Here are several tips for healthier living and cooking, with non-gluten, non-dairy, low glycemic index cooking and places to find some of these ingredients. I will also be talking about other healthy products such as hair, skin and body care and organic makeup. All of these are essential changes to make in your life to reduce chemicals in and on your body, as well as healthier ways of eating and living that will strengthen your body, giving it a chance to keep itself healthier than ever before.
I try these myself, and will also be updating this information from time to time. I encourage you to ask me questions or make suggestions for topics, either on my blog: drhersh.blogspot.com or send them to my email address: firstname.lastname@example.org.
I’ve had a lot of questions about sugar, so that’s where I’ll begin.
The glycemic index (GI) of table sugar is 100. That causes all the problems we talked about in our last couple of newsletters. So, I’ve been searching for alternatives because I love to bake and my family loves to eat. Sound familiar?
The best choices for sugar alternatives have been : brown rice syrup, agave syrup, stevia and fructose. All of those have a glycemic index of at least 48 and some as high as 60. We are aiming for under 50. I like the brown rice syrup in recipes that are more moist or need to be moist. Also, it makes a terrific substitute for brown sugar in the topping mixture for pineapple upside down cake. I mix butter and brown rice syrup, cook it until it bubbles, take it off the heat and add the pineapple and cake mixture.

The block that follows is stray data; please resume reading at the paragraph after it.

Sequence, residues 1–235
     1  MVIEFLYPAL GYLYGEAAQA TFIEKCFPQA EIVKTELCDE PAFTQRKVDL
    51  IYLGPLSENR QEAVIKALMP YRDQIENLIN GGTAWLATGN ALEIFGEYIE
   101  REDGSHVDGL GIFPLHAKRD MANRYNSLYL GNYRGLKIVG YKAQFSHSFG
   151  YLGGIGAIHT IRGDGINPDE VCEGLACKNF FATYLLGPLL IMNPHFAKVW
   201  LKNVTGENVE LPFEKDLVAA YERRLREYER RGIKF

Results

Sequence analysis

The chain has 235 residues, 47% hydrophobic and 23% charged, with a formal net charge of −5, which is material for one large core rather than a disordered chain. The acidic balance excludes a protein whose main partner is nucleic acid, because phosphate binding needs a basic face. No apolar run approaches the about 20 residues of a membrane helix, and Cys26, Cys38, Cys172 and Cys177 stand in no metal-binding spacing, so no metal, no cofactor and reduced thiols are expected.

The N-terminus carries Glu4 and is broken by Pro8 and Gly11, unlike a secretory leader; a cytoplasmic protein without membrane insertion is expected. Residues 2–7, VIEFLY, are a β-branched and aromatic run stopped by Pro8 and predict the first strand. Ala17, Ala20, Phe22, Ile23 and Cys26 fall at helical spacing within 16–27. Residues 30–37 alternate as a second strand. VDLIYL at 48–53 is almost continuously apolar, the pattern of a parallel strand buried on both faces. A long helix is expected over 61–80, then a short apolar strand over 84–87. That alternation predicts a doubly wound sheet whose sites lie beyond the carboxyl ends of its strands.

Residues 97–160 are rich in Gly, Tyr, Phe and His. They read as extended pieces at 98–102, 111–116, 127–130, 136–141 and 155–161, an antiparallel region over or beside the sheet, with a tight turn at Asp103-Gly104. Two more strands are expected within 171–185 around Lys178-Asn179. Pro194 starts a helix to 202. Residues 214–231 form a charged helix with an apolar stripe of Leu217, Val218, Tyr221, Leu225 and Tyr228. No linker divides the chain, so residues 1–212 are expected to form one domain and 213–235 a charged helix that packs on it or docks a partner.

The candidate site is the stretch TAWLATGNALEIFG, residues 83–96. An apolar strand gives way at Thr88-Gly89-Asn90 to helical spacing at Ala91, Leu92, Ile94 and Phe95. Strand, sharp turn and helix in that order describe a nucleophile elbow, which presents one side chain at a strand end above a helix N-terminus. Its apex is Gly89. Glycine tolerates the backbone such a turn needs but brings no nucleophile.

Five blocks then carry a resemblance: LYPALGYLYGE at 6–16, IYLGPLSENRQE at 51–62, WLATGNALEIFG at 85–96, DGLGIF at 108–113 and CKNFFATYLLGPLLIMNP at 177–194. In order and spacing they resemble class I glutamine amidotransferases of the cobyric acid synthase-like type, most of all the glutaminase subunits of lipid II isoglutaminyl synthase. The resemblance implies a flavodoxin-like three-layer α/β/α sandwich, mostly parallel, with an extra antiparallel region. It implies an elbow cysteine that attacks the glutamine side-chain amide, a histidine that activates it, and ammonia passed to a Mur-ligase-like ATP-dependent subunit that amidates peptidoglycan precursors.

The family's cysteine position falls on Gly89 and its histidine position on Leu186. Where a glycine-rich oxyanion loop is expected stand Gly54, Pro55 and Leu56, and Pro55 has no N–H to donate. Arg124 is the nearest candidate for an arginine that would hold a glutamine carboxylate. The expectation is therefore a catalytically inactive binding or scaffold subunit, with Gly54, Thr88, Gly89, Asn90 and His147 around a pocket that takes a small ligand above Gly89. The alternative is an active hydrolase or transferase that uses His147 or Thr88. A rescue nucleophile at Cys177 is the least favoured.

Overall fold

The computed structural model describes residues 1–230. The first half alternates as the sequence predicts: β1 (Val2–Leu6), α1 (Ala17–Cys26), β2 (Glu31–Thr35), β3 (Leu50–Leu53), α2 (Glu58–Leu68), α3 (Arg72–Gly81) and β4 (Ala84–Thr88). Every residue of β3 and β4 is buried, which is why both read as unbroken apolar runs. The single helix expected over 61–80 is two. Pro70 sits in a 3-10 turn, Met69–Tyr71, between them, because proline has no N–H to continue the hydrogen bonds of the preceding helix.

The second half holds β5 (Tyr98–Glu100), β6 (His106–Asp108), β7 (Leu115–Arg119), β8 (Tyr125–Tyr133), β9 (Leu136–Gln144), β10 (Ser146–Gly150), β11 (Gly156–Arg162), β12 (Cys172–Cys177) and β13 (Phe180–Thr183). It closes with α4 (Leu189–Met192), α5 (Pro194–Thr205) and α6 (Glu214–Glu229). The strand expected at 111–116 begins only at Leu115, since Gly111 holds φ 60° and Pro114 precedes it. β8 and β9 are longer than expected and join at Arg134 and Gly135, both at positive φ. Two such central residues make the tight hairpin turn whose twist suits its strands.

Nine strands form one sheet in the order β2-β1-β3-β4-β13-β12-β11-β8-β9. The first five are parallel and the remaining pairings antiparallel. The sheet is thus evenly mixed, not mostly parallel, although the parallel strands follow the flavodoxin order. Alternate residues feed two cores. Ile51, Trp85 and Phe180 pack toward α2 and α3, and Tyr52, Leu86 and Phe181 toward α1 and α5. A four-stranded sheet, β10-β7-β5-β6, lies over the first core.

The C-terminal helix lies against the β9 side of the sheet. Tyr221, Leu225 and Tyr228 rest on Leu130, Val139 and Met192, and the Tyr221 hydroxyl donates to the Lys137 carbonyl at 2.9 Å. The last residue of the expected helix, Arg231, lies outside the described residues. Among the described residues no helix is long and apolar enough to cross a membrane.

I don’t care for the fructose anymore because it’s made from corn…basically its high fructose corn sugar…very high GI. Stevia usually doesn’t work well in baking, at least that has been my experience. Agave’s GI is higher than I would like for our low GI diet people. That leaves me with my new find: coconut palm sugar.
I have spoken of this, before. A couple of you have told me that you cannot find it at Whole Foods. One of you who lives in NY has been able to find it, there. Don’t despair; I’ve found it a Amazon.com and they offer free shipping. It’s GI is 35…and we’ve found that we feel so much better now that I’ve switched from fructose.
The coconut sugar is brown and has a slightly caramel flavor. Also, it’s coarse, like turbinado sugar. So, I’ve been playing around with it and found that it blends with other ingredients so much better if it’s put into a blender, on setting 2 or 3, for about 30 seconds. It pulverizers the sugar into a fine powder and works great in cakes. They rise normally and taste fabulous. If the recipe calls for 2 cups of sugar, only use about one and a-half or a little less. The baking time is the same, so you don’t need to change any regular recipe. I have found that if you mix the butter and sugar in an electric mixer and let the mixture sit, sometimes you’ll notice a bit of separation of the sugar and butter. It’s fine; just remix the butter and sugar and it’ll be no problem.
I’d like to encourage you all to consider changing from an all-gluten diet to, at least when it comes to baking, a non-gluten diet. The GI is not appreciatively different between the gluten and non-gluten flours, but, what is different is how the body reacts to gluten. It acts like a glue in the intestine and causes inflammation. That doesn’t happen with the non-gluten flour. You’ll truly feel a difference. My favorite new product is Pamela’s non-gluten baking a waffle mix. I order it from Amazon because it’s half the price of the local grocery store and, again, there’s no shipping charges.
Baking with this mixture does take some getting used to. I have been experimenting with regular recipes (my favorites are from Ina Garten, on the food network) and adapting them for the non-gluten experience. I have to say my husband is enjoying the experimentation.